Transmission and course of the disease
Transmission and incubation time
The coronavirus spreads by droplet transmission, via direct contact and indirect contact. The virus is found in small droplets in the mouth and nose of an infected person and becomes airborne through sneezing or coughing, talking or singing.
The typical route of transmission occurs when you inhale the airborne virus or when your hands come into contact with the virus and you then touch your face. The virus is transferred by direct contact for example when a healthy person shakes hands with an infected person. The virus is transferred by indirect contact for example when an infected person with virus on their hands touches a door handle that is later touched by a healthy person.
Transmission occurs just when you turn ill and at the beginning of the course of the disease. There are clear indications that the risk of transmission is relatively high one to two days before the onset of symptoms. Contact tracing is therefore performed from 48 hours prior to the onset of symptoms.
Can the virus be transmitted by people who do not display any symptoms?
While the most typical route of transmission is via a person who displays symptoms, infection can also occur just prior to symptoms developing.
Very few people turn ill more than 8–9 days after being exposed to the virus. Quarantine time is therefore set at 10 days.
What should I do if I suspect that I am infected?
- If you feel unwell, you should stay at home.
- Read about the symptoms of coronavirus and testing.
- If you are ill and in need of medical attention or individual health counselling, contact your doctor electronically or by telephone.
- If you need urgent health assistance and cannot reach your doctor, you can call the emergency out-of-hours clinic (116 117).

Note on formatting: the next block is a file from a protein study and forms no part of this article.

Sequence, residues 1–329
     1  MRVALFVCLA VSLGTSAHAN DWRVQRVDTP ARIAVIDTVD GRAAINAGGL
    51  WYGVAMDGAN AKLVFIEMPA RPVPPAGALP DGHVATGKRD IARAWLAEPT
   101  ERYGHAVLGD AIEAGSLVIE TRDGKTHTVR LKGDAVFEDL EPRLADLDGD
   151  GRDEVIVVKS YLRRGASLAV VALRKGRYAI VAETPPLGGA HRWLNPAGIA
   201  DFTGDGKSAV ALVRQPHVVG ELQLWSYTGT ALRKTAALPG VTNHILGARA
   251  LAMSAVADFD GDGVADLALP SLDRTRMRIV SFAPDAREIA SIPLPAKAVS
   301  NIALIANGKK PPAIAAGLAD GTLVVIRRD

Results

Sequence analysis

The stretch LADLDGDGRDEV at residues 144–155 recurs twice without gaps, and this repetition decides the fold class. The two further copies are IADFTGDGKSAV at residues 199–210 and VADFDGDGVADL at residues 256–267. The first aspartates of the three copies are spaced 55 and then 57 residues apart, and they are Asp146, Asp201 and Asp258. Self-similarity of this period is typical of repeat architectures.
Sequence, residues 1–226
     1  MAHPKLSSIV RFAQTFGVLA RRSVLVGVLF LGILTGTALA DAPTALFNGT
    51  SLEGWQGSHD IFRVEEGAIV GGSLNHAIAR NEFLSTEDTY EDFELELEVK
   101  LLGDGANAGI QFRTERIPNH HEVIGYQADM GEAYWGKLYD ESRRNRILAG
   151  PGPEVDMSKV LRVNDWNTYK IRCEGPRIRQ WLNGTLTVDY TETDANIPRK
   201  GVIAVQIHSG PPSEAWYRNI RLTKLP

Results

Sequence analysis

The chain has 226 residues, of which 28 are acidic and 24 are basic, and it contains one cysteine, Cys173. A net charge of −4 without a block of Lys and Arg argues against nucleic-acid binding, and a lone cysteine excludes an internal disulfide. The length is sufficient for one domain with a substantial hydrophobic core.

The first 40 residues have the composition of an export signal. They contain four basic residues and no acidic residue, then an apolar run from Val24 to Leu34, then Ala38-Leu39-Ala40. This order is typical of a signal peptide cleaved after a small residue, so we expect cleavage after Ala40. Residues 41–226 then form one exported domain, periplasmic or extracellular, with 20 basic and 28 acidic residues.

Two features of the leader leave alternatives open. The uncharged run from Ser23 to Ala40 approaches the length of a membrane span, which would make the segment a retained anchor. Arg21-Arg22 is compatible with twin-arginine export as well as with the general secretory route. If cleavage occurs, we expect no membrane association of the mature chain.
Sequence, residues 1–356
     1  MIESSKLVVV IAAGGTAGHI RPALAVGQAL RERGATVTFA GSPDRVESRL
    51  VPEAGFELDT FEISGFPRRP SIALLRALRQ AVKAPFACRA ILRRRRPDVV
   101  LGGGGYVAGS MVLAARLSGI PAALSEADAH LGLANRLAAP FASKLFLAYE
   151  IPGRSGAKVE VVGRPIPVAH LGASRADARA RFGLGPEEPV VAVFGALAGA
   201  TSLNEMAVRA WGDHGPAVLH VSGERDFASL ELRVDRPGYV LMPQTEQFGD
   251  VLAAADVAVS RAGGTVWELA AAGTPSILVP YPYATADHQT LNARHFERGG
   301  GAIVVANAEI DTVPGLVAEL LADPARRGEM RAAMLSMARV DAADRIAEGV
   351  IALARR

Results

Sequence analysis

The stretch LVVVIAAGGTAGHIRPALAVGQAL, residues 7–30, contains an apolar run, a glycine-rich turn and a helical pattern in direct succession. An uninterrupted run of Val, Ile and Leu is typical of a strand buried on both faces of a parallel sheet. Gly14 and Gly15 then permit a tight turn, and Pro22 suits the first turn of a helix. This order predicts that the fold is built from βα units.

- In case of life-threatening illness or injury, call 113.
How to prevent transmission
Here's what you can do to prevent transmission:
- Keep a distance of at least one metre to others.
- Cough into a paper tissue or the crook of your elbow.
- Wash hands frequently and thoroughly with soap and luke-warm water, or use an alcohol-based disinfectant.
- Find alternatives to shaking hands and hugging.
A face mask is recommended to help reduce the risk of transmission in situations where the level of infection is high. A face mask cannot replace the standard measures for infection control such as social distancing.
Cleaning of surfaces and items
It is not known precisely for how long the virus can survive on surfaces. This will vary depending on the surface, temperature, sunlight and humidity. As the virus can be found on surfaces, washing of hands is the key preventive measure.
The Norwegian Directorate of Health has encouraged providers of public transport to perform extra cleaning of subway cars, buses, trams etc.
The Norwegian Directorate of Health is also encouraging extra cleaning of areas where many people frequent.
You may want to regularly clean items that are frequently touched, such as your mobile phone or the keyboard of your computer.
Limit the number of close contacts
It is recommended that we all limit our number of close contacts to allow for easier contact tracing by the municipalities.
If you are about to attend a social gathering or an event it is important that you stay up-to-date on the advice and rules that apply.
Course of the disease
The course of the disease can vary widely between individuals. Currently, the typical courses appear to be:
- Mild course (this applies to the majority of those who turn ill, about eight out of ten): The symptoms pass within one to two weeks and there is rarely a need for treatment in the healthcare services.
- Moderate course: After four to seven days with only mild symptoms, some people may experience breathing difficulties, worsening cough and a rising fever. If you experience breathing difficulties, you should contact your doctor. Some will need to be admitted to hospital.
- Severe course: Similar to what is seen with the moderate course, but with a need for intensive care treatment. The patients may have symptoms for three to six weeks. Deaths do occur for some of those who turn seriously ill.
Information and knowledge about risk factors for a severe progression of COVID-19 is constantly growing. Admission to hospital, intensive care treatment and deaths are more common among the elderly and people with underlying diseases. The risk is increased with age and underlying diseases in particular. Younger persons without any known risk factors, can also experience a severe illness, but the risk is higher with underlying disease.
Treatment of coronavirus disease
There is no vaccine or specific treatment to cure the disease, but hospitals in Norway are registering patients with confirmed coronavirus infection in the Norwegian pandemic register (Norsk pandemiregister) to allow for improvements in treatment and follow-up.